While Vodafone has been showing a tech-savvy older couple in their ads in a time when YouTube, Saavn and Gaana are extremely popular, we asked Shoor if this product will work. He responds, "I would question Vodafone and ask them how many 70 year olds indoors would refuse Wi-Fi because they are internet savvy. All that is nice advertising but let us move on to our own small towns and we all know our mothers and fathers need more basic and simpler things."
The product, which is priced between Rs 6000-7000, was initially available on Amazon and has now increased its reach to large electronic outlets like Croma. It has also been penetrating into class I and class II towns and will eventually be available across urban India. The psychography is for any Indian who has grown up with Hindi songs and is a fan. In the next month, Saregama will also be launching Carvaan's Tamil version which will cater to fans of Tamil music.
So far, Saregama Carvaan's sales have crossed 100,000 units and the company expects to sell another 200,000 units in six months.
Talking about how The Womb got Saregama Carvaan's account, Shoor says, "The origin is that we used to work with Vikram Mehra when we were at Ogilvy and he was CMO at Tata Sky and Naveen and I had led the pitch on behalf of Ogilvy and we won the Tata Sky+ account in 2008. From 2008 till the time he left, we literally ran the account and then, in 2015, six months before we left, Vikram Mehra left Tata Sky and he joined on as managing director of Saregama and said let's work together."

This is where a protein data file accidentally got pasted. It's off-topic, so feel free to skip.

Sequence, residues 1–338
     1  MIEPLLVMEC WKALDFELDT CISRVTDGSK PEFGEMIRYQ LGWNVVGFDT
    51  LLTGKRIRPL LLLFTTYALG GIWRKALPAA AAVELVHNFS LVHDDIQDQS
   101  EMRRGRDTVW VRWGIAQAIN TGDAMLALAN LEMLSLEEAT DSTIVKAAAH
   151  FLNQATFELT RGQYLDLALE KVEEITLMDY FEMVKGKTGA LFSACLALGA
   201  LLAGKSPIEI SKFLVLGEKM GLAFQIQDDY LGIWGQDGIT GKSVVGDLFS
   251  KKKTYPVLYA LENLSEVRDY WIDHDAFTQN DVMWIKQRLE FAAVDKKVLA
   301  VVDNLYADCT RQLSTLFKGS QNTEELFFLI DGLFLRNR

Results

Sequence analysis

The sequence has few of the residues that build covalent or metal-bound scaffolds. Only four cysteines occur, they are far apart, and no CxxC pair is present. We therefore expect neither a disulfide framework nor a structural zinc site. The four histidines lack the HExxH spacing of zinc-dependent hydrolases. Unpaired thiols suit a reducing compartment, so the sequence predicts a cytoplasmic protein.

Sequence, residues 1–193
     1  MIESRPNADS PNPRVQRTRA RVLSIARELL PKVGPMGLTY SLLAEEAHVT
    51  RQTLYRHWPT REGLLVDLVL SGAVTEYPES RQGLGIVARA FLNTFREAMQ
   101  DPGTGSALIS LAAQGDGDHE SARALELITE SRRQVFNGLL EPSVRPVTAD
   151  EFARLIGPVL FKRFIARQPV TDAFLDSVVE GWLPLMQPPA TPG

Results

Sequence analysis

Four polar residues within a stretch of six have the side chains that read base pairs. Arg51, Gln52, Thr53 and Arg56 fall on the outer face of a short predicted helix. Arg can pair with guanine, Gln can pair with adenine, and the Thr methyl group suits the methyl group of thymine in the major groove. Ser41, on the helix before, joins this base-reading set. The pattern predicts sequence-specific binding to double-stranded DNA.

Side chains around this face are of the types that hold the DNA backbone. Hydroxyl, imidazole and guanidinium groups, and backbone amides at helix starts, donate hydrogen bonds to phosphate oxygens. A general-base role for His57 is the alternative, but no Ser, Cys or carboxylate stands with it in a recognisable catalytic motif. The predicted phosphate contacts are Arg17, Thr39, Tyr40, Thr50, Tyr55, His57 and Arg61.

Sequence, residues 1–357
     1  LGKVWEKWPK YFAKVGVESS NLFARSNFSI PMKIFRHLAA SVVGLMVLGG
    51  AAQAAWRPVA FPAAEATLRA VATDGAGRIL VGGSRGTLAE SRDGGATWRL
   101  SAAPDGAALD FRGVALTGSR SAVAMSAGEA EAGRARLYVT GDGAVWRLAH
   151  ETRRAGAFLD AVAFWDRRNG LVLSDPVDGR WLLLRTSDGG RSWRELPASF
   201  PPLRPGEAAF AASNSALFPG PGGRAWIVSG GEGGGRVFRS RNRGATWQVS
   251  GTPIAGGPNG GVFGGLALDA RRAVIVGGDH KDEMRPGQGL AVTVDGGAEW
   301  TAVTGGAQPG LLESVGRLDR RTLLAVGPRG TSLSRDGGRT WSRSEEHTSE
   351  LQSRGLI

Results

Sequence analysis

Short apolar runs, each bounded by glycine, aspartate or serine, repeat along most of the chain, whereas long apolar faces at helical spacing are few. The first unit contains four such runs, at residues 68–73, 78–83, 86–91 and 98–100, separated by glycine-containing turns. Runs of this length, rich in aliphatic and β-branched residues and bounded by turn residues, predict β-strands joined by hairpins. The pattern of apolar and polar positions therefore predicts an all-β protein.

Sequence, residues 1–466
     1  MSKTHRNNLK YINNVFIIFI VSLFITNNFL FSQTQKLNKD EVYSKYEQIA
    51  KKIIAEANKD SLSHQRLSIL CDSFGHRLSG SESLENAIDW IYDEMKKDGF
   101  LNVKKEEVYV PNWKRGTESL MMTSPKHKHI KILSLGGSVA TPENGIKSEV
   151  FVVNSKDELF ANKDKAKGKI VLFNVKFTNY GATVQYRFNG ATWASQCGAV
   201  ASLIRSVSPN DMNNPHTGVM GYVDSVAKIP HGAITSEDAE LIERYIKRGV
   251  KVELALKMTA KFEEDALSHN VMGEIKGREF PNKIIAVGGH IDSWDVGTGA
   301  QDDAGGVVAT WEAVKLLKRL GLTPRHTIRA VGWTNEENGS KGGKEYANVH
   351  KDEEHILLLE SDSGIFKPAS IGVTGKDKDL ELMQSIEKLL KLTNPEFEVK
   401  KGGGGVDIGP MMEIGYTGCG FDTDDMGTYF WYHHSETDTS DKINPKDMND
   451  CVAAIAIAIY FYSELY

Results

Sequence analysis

About the challenge, Sharma adds, "It was a simple story, but there was a point where we had to show the characters ageing from the point where the kid is sleeping in the middle to his growing up. For this we used prosthetics. But that makeup stays on for only a few hours and then it has to be taken off and a new one has to be applied which takes a long, long time, but the make-up artist did a good job. The second challenge was that the actors are very young and it is difficult to age them in a natural way so that it doesn't look artificial."